“It has to be a due process,” he said.

Massullo said a couple state senators are looking at his bill to possibly sponsor it in the other chamber.

School Board member Doug Dodd said Friday he and his colleagues on the Marjory Stoneman Douglas (MSD) Public Safety Commission will discuss the issue of verbal threats against schools at their upcoming, Oct. 15 and 16 meetings in Orlando.

Doug Dodd MUG

Citrus County School Board and Marjory Stoneman Douglas High School Public Safety Commission member Doug Dodd

In 2018, the MSD commission was formed in response to that February’s deadly mass shooting at Marjory Stoneman Douglas High School in Parkland, with the task of brainstorming school-safety measures for lawmakers to enact.

Dodd said he’s hopeful commissions will make a recommendation through the legislator to toughen current laws on spoken threats.

“Which would only reinforce the need for the law to be changed, which Massullo is trying to do,” Dodd said. “It will give him…more support for a law change.”

Contact Chronicle reporter Buster Thompson at 352-564-2916 or bthompson@chronicleonline.com.

(6) comments

ButterflyLady

Just think how many times have you heard someone say they wanted to do harm to someone in the heat of the moment. Now all these law abiding citizens will be put in jail, just because of this proposed law? What about FREEDOM OF SPEECH! This proposed law is unconstitutional because it goes against the First Amendment. Not to mention how it would clog up the already over burdened court system with all those frivolous arrests and the over-crowded jails. When does the needs of the few out-weigh the needs of the many.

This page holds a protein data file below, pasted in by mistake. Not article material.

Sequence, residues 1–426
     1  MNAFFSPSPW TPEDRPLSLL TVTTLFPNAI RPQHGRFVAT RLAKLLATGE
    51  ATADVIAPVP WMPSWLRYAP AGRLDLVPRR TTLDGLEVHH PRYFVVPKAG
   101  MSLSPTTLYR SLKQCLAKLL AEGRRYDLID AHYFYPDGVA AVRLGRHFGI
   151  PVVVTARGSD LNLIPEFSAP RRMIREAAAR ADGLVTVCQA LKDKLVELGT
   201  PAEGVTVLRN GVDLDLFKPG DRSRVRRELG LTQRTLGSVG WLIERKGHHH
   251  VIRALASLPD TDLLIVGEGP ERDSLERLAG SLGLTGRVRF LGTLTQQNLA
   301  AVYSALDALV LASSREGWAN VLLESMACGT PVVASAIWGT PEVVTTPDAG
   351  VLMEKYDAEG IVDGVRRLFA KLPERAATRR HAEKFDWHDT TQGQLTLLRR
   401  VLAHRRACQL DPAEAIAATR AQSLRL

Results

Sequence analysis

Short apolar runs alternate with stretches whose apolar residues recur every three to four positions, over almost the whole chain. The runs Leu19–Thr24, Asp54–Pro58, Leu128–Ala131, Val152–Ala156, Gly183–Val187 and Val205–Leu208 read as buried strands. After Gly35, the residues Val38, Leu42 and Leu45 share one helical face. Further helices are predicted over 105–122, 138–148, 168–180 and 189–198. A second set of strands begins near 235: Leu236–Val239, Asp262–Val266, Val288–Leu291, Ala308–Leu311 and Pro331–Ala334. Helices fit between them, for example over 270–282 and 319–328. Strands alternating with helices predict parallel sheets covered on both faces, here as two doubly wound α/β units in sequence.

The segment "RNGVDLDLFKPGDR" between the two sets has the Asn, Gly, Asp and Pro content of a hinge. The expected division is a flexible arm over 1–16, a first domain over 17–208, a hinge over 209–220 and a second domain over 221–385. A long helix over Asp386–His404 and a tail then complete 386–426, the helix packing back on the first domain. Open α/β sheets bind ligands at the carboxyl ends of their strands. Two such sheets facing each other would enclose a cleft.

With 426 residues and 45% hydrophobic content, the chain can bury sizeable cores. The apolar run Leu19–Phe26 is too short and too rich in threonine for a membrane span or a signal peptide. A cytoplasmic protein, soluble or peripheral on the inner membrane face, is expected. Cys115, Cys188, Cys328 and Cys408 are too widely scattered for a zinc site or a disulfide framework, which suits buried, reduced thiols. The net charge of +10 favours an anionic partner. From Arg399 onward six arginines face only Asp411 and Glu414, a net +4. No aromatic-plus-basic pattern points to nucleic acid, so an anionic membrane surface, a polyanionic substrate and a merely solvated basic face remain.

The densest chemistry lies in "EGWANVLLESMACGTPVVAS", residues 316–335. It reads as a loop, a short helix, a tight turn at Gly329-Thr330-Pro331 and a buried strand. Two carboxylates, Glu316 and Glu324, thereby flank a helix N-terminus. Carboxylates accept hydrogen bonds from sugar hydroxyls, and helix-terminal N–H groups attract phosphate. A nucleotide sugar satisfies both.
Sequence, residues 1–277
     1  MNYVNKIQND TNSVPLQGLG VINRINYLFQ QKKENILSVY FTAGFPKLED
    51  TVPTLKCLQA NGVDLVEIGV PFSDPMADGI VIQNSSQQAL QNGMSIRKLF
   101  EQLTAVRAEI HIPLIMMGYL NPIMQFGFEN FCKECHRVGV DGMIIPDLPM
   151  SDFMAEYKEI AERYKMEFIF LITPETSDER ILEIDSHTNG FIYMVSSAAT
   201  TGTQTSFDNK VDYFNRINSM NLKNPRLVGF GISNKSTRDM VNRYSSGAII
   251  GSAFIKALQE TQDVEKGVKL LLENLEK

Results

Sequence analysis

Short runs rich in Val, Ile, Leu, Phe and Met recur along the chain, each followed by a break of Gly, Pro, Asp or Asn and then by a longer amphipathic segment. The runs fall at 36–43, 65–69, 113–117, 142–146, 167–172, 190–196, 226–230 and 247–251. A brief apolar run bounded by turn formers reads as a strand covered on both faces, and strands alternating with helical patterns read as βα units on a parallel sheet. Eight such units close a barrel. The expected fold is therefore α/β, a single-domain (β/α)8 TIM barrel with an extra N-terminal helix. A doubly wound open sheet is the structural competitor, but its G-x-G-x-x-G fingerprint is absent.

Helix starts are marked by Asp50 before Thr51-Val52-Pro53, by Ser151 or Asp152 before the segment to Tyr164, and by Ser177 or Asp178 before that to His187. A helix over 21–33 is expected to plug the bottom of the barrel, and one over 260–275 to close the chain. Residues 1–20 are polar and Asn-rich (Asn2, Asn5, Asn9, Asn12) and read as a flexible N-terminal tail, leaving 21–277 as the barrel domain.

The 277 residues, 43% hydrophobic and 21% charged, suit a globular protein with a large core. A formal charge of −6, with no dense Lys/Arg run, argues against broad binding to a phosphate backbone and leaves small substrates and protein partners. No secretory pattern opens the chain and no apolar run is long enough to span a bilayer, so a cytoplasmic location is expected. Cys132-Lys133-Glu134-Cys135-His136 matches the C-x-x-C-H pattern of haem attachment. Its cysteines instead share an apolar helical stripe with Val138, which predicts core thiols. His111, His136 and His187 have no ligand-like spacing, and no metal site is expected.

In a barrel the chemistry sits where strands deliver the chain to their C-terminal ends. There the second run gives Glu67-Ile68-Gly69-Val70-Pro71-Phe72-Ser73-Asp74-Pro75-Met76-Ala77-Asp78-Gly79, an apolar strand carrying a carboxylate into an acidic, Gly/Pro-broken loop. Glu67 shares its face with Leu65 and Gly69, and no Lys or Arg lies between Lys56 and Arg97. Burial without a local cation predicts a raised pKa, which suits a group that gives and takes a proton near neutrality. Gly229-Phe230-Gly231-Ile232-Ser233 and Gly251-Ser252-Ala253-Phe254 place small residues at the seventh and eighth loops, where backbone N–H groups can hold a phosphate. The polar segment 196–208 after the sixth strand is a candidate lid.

There needs to be a way of reporting the threat and have the authorities research BEFORE arresting. Seems they can do it fast enough after the fact. Why not BEFORE? When the threat is reported, it should go to the proper agency for investigation first. It's too late to investigate after the damage has been done. Maybe Rep. Massullo should rethink his bill.

davisonlorna

Test

DALEMERRILL

I would instead suggest that we create a Department of Mental Health in Florida. While people are told "See something....Say something." Unfortunately, if you see a warning sign and want to say something, there is no one to say it to. The current system of non-profits that provide mental health "services" have their prime directive of staying in business, not providing mental health services. We could cut down on serious crime if we had some real mental health services provided under a centralized department here in FL.

Ralph's bill will just clog the court with a lot of false allegations. Ralph really should come sit in Court and shadow the judges and criminal lawyers before he advances a bill that affects the courts.

NancyTomaselli

Think of what it might do for domestic violence. Just when Trump is dismantling protections for women. It is a total rejection of Trump's elimination of protection from psychological and verbal abuse of women by their partners.

Old Florida Cracker

Now that’s funny! That is an absolutely ridiculous statement. Not to mention totally untrue. I’ll bet a dollar to a dime you can’t prove that statement without telling another lie.

rmcconnell

I see the need for a law such as this in some cases, such as the situation above. I also believe that a law such as this, if not specific enough, could clog the court system with “he or she threatened to beat me up” situations. It could become a situation where our RIGHT to free speech is in danger.